Category Archives: Science

Crying baby to parents: Speed it up!

Waaaah!

From Oxford University:

A baby’s cry actually speeds up an adult’s response to whatever task is at hand. The Oxfordians timed adult subjects playing “Whack-A-Mole,” the old arcade game, while listening either to crying babies, stressed-out adult noises, or twittering birds. As you may have guessed from personal parenting experience, the crying babies sped up the subjects’ mole-whacking speed.

“Few sounds provoke a visceral reaction quite like the cry of a baby,” said Oxford psychiatrist Morten Kringelbach. “For example, it’s almost impossible to ignore crying babies on planes…despite all the other noises and distractions around.”

The findings make evolutionary sense. In prehistoric times, babies who got their needs met quickly were more likely to survive childhood.

The Oxford team isn’t just playing games–they’re looking into the possibility that women with postpartum depression may suffer from a disruption of this ancient response to a baby’s cry.

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Filed under Newborns, Science

Obituary: Mary Ellen Avery, M.D.

Mary Ellen Avery, M.D. (1927-2011)

The work of Dr. Mary Ellen Avery, who died December 4th, is well-known to anyone who has worked in an intensive care nursery in the last 50 years. Her career was studded with a long list of “firsts”–first woman to be appointed physician in chief at Children’s Hospital Boston; first woman to head a clinical department at Harvard Medical School; first pediatrician to head the American Association for the Advancement of Science, etc., etc.–but she is best known for a discovery that to date has saved nearly a million premature babies.

In the early 1960s, Avery and her colleagues unravelled the mystery of why so many premature babies died of respiratory distress syndrome (or hyaline membrane disease, as it was known then). She and her team were the first to recognize that it was the absence of something, rather than an excess of something else, that caused babies’ lungs to collapse and kill them. That absent something was surfactant, a slippery mix of fat and proteins that coats the breathing tubes of healthy term babies and helps their lungs stay inflated.

Building on her research, a team of Japanese researchers revolutionized the care of premature newborns when they developed a surfactant replacement from cow lungs. In the early 1960s, 15,000 babies a year died from respiratory distress syndrome; by 2002 fewer than 1,000 did.

All of this came too late for my brother, James Bernard Sloan. Born eight weeks early in 1948, he died at two days of age from a lack of surfactant. (I wrote about James’s brief life in my book, Birth Day. It was the mystery of his death, which happened five years before I was born, that first got me interested in caring for sick babies.)

Had he been born twenty-five years later, James Bernard would have been an easy “save,” thanks to Mary Ellen Avery’s work.

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Childhood stress, adult disease: The ACE study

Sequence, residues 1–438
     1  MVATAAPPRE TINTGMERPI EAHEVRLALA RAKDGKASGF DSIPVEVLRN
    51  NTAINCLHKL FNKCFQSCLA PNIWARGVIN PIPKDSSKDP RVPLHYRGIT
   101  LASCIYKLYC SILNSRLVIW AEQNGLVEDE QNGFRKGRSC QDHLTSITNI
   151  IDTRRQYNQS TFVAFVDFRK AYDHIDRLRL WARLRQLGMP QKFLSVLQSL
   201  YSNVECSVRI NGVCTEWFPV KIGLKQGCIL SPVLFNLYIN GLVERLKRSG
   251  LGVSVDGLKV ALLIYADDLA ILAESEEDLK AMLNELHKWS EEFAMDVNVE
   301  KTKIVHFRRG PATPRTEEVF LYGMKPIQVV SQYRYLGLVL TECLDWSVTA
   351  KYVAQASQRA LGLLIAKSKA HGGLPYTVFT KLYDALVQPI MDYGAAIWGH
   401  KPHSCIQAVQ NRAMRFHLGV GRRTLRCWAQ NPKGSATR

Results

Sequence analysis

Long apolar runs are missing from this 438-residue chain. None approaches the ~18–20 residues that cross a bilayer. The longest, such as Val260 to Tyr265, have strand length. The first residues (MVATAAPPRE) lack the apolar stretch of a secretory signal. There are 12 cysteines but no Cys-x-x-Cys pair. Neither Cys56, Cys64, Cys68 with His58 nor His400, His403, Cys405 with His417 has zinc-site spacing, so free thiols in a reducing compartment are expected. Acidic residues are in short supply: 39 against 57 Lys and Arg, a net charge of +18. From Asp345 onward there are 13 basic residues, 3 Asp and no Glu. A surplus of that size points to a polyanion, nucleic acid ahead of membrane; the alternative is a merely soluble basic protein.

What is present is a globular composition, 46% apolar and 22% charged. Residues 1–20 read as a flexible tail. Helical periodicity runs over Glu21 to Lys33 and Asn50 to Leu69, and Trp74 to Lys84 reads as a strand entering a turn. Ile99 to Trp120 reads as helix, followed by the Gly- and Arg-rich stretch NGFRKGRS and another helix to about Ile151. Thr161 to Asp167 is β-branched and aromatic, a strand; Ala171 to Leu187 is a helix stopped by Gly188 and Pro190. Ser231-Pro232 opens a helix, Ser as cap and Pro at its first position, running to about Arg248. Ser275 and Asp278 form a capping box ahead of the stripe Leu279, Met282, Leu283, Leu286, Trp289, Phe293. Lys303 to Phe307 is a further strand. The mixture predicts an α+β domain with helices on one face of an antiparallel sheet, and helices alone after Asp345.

Stress: Very bad for a child's health.

One of the topics I’ll be focusing on in 2012 is the role that early childhood stress plays in the development of disease later in life.

This is a relatively new and fascinating corner of the research world, with the original research being performed by Drs. Vincent Felitti and Robert Anda, who demonstrated the link between adverse childhood events (ACEs, as they’re commonly known) and chronic health issues in adulthood in the 1990s.

Felitti and Anda studied seven categories of adverse childhood experiences: psychological, physical, or sexual abuse; violence against mother; or living with household members who were substance abusers, mentally ill or suicidal, or ever imprisoned. The results of their 1998 study, which involved 9,300 southern California Kaiser Permanente patients, were startling:

“Persons who had experienced four or more categories of childhood exposure [ie, adverse childhood events], compared to those who had experienced none, had 4- to 12-fold increased health risks for alcoholism, drug abuse, depression, and suicide attempt; a 2- to 4-fold increase in smoking, poor self-rated health, ≥50 sexual intercourse partners, and sexually transmitted disease; and a 1.4- to 1.6-fold increase in physical inactivity and severe obesity.”

In a number of follow-up studies the relationship has held true, and recent advances in neuroscience have helped to explain the link. So how do ACEs lead to later chronic illness? Why do some people emerge from traumatic childhoods largely unscathed, while others succumb to drug abuse and violence? And most importantly, what can be done to lessen the effects of ACEs on a child’s future health?

Those are subjects for future posts. In the meantime, here’s a link to a Salon interview with the authors of “Scared Sick: The Role of Childhood Trauma in Adult Disease”, a new book on the subject. The Q and A with the authors is worth a read.

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Filed under Cancer, Child abuse, Obesity, Science

Breaking science news: Tantrum-ing toddlers are angry. (No, really.)

Dr. Michael Potegal and his research team at the University of Minnesota have discovered that toddlers having tantrums are angry and sad at the same time, rather than, as the conventional wisdom would have it (at least in Minnesota), that anger comes first during a tantrum, followed by sadness.